There is no chop suey in China—and other dishes that aren’t actually Chinese
We've been eating a lie
Feb 1, 2019
In the article “What is Filipino Food?” from the book The Food of the Philippines, writer Doreen Fernandez notes that Chinese food rose as one of the staple dishes in the Philippines the moment restaurants began to sprout in the 19th century. This interest grew up to this day, which is evident with the long lines at Chinese restaurants and the always packed Binondo, the world’s oldest Chinatown (Read: Eat your way through Chinatown for P500 or less).
And it is only common that Chinese food will be in more demand than usual these coming days since the Lunar New Year is right around the corner. We can already spot a lot of establishments selling tikoy and round desserts like hopia, in observance with the coming of the Year of the Pig.
But the thing about Chinese food (or any foreign food brought to the Philippines, for that matter), is that it had somehow went through the same way oral literature grew over the centuries: It evolved from the moment it was passed on to other people and cultures. This means while we may still have a lot of authentic Chinese food in the country, lots of food we deem as Chinese may not really be from or made in China anymore. There are some that we won’t really find in China. The food are just wrongly believed to be Chinese just because it sounds Chinese.
So before you head out and buy boxes of hopia to celebrate the Chinese New Year, read the list of foods below that have fallen into this misconception:
1. Chop suey
Chop suey is a variation of the Cantonese term “shap sui” which means mixed pieces. Despite the similarity in Chinese language, chop suey is not deemed as an authentic Chinese dish but a Chinese-American one as it first gained traction on the American dining scene. Most reports said you won’t even find a dish called chop suey in China.
The History Channel noted in 2012 that there’s a legend believing that the dish was first created in San Francisco during the 1840s, when a group of drunken miners demanded food from a Chinese restaurant one late night. The owner, exhausted after a days’ work, scraped the food from the previous customers’ plates, mixed the mess with soy sauce, and served it to the clients. They liked it so much that the “mixed dish” became widespread and traveled to other countries.
Although the Fujianese first introduced a bean-filled delicacy called bakpia in the early 1900s to Indonesians and Filipinos, it’s not the hopia we’re familiar with because of its flaky surface. The hopia we know of is actually rooted in the cake-dough delicacy made by the Japanese, Meah Ang See of the Bahay Tsinoy Museum told the Philippine Daily Inquirer in 2017. “These were called Hopiang Hapon or Japanese Hopia. […] It was a more desirable product because it stored well and was easier to make than the flaky Chinese version,” he said.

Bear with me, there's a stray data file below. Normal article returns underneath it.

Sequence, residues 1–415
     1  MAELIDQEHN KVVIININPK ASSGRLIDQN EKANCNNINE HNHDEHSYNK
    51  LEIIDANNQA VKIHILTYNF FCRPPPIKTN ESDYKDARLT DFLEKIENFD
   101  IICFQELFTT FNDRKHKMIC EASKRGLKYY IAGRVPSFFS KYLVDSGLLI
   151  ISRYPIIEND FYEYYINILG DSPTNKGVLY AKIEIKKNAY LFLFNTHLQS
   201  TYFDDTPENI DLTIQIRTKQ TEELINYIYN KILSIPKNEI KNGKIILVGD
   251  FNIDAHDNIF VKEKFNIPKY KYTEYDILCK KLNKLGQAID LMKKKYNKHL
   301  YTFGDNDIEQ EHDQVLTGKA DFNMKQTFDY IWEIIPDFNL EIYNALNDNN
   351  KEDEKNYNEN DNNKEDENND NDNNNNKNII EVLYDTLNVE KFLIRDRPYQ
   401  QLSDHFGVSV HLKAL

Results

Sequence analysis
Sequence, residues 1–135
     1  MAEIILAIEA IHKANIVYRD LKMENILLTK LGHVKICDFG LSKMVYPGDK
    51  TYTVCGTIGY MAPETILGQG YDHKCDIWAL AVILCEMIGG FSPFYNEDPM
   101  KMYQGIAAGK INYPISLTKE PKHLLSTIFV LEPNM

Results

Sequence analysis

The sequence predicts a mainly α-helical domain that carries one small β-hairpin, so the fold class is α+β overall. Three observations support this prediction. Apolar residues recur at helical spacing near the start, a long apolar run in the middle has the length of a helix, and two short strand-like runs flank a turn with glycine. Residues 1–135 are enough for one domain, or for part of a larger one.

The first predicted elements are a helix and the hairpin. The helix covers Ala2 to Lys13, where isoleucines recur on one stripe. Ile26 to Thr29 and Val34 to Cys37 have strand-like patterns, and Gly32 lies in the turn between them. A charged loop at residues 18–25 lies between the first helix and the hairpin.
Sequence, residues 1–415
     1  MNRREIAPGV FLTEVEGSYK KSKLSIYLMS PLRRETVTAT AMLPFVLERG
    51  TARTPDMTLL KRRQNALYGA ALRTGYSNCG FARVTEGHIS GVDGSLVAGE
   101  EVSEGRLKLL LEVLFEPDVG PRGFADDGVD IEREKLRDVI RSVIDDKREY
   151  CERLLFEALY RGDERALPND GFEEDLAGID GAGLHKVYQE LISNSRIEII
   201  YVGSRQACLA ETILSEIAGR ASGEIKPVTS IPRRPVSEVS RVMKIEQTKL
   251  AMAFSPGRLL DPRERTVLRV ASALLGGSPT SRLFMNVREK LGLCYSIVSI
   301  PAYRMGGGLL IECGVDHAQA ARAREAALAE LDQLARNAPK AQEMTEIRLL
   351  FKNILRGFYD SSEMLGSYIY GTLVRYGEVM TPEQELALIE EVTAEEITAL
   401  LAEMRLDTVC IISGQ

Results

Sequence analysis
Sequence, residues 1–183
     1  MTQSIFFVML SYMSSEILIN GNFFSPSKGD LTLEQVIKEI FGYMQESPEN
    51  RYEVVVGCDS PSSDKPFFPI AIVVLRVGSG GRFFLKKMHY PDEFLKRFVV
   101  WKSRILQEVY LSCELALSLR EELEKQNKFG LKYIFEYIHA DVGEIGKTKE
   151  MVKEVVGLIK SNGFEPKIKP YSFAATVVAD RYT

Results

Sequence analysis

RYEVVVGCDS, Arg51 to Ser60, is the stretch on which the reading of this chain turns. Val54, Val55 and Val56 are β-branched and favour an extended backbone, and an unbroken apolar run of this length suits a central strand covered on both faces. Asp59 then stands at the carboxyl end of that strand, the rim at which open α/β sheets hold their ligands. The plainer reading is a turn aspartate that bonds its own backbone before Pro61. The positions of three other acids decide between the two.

3. Lumpiang Shanghai
It may be named after the biggest city in China, but it’s not Chinese. Although the whole concept of lumpia was derived from Chinese spring rolls, lumpiang shanghai is more similar to the crispy Vietnamese spring roll. The only difference is that the Vietnamese ones traditionally contain seafood while ours are filled with ground beef or pork and vegetables.
4. Pata Tim
One of the best-known dishes in Chinese restaurants in Binondo is the pata tim or braised pork hocks. There’s no really record of how this dish spread in the Philippines (much more in Chinatown) but the only part of this dish that has a Chinese origin, as posted by many recipes is the savory sauce simmered on it.
5. Fortune Cookie
In 2013, authors Edward Yang, Kate Ou, and Dennis Smith published the entertaining read Confucius Says… There Are No Fortune Cookies in China, breaking the notion that the thin folded sweet cookies with a prediction or a proverb tucked inside it is from China. “You will not find any cultural stories about fortune cookies in ancient China!” they wrote. “They are not part of Chinese culture.”
Despite being widely served in Chinese restaurants and shops, these cookies were actually made by Japanese in America. Researchers from the National Museum of American History found out that the cookies were first made by a Japanese confectionery store called Benkyodo in San Francisco during early 1900s. They were supplying the delicacy to the Japanese Tea Garden, one of San Francisco’s most popular attractions.
The outbreak of World War II, however, stopped the production. According to the researchers, this gave Chinese businessmen the chance to reproduce the cookie and sell it to Chinese restaurants instead.
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